It is surely a familiar principle. We know that it is easy to do what we should when everything is going our way. The test of our commitment comes when things get difficult, and especially when the difficulties are within us rather than in our circumstances. When circumstances seem to conspire against us, it can be bracing. We can often rise to the challenge. As a trivial example, I might cite the wisdom of the editor of the New York Times crossword puzzles. He explained in a recent column that the author of the puzzles and the reader are actually working toward the same goal. The author wants the reader to solve the puzzle, but wants the puzzle to be difficult enough that when it is solved, the reader can say, "Look how clever I am!"
No, real difficulties come when our own reluctance threatens to take over, when the goal itself seems to lose its appeal. "Why am I doing this?" We can think of any number of other things that we would rather be doing, other places we would rather be.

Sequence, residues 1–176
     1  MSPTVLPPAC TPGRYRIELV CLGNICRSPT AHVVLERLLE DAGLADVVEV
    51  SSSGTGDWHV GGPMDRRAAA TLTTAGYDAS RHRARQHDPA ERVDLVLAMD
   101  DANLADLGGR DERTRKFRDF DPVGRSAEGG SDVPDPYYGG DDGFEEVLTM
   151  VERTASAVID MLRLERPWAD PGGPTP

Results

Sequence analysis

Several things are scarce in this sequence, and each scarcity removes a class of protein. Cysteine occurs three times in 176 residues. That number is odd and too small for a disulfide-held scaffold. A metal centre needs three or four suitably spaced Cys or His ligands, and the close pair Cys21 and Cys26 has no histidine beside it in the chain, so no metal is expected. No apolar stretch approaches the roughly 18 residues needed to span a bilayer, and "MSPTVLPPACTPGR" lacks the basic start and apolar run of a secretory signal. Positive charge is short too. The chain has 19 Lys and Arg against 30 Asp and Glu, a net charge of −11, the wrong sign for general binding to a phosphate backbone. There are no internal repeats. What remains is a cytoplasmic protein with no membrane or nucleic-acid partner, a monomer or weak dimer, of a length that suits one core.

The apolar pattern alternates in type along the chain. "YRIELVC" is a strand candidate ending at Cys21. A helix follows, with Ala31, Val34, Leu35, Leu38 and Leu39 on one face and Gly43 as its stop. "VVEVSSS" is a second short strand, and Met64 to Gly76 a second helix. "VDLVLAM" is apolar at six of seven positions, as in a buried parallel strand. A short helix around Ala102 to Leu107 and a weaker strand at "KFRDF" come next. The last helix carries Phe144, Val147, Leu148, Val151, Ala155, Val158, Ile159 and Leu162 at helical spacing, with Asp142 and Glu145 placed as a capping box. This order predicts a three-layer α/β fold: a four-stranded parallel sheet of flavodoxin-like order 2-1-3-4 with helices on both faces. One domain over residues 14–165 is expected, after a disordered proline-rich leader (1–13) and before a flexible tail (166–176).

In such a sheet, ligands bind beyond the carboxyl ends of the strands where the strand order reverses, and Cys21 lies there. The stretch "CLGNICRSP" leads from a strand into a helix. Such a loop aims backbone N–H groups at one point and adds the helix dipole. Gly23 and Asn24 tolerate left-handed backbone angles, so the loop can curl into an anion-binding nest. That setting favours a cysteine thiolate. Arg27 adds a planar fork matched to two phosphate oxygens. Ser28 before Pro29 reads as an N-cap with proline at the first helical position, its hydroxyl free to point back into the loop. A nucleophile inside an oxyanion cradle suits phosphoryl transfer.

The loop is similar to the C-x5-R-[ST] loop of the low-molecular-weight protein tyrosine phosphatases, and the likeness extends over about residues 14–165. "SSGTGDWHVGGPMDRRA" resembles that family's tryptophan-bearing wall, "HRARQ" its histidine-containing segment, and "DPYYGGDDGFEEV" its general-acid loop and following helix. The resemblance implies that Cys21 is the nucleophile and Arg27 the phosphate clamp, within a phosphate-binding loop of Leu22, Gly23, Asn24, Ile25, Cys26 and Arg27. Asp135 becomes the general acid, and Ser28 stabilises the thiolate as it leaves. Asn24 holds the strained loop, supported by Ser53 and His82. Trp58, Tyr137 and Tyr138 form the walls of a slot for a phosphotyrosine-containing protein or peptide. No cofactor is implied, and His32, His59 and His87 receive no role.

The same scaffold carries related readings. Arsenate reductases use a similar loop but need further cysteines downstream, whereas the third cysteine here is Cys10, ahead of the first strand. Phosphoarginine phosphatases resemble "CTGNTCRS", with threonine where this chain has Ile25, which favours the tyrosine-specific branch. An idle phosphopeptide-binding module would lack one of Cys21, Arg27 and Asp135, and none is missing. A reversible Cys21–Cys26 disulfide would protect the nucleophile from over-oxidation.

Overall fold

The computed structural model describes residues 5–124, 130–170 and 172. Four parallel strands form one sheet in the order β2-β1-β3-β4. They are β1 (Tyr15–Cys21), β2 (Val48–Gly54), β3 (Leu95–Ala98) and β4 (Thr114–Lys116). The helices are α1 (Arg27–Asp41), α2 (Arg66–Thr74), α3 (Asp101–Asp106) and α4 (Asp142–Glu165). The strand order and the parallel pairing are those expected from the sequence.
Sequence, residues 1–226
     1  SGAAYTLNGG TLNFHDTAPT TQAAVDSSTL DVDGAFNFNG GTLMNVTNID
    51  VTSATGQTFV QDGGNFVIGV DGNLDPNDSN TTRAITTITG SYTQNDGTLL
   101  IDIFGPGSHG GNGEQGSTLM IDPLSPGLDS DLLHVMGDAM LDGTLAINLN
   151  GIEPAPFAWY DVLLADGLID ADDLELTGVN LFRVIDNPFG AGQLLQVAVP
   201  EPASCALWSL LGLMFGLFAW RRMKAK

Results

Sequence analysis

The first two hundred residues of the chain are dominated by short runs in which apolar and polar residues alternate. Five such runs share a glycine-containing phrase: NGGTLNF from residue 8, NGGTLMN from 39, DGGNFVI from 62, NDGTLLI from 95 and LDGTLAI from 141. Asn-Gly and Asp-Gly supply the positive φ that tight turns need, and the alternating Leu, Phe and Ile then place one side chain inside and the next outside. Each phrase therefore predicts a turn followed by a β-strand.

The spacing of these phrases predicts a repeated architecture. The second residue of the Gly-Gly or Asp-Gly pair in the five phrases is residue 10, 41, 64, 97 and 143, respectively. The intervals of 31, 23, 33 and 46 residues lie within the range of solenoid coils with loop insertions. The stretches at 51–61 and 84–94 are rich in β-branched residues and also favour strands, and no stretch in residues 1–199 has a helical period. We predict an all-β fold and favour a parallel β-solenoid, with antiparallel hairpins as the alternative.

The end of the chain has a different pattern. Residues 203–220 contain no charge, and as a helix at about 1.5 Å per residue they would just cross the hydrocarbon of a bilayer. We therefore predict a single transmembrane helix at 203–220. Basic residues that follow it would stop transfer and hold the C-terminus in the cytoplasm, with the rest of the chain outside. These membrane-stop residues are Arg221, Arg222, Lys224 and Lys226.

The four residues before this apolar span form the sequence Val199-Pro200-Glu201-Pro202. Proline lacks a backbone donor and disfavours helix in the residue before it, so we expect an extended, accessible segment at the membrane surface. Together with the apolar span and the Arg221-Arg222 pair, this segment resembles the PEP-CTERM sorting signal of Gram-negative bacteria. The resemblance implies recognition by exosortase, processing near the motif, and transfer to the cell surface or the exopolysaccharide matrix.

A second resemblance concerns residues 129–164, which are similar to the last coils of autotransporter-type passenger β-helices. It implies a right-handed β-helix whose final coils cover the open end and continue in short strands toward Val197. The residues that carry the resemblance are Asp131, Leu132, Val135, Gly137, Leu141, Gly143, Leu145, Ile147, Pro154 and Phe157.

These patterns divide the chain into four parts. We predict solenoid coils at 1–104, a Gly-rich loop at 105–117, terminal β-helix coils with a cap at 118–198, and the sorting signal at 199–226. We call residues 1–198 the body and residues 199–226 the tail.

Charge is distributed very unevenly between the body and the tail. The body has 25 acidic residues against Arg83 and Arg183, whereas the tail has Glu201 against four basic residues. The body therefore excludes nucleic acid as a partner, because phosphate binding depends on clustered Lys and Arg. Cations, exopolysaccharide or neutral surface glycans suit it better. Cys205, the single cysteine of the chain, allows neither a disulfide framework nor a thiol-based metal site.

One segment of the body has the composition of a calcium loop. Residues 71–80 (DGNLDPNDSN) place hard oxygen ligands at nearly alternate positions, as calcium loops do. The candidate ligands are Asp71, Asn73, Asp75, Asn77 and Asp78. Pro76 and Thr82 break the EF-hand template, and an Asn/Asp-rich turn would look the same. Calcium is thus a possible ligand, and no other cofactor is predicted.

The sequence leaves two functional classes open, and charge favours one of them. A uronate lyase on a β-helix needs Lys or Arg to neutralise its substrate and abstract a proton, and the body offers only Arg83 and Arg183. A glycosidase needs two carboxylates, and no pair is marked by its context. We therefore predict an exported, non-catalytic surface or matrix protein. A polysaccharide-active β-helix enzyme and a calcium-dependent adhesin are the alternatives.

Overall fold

About all we can do at such times is grit our teeth and keep on going. We can remind ourselves of the reasons we chose this course of action, even though those reasons no longer seem persuasive. We can remind ourselves that our moods do change, recalling times when we have given up and have later regretted it. We can remind ourselves particularly of the promise with which we started, with whatever touch of "the crown of life" we glimpsed on the horizon.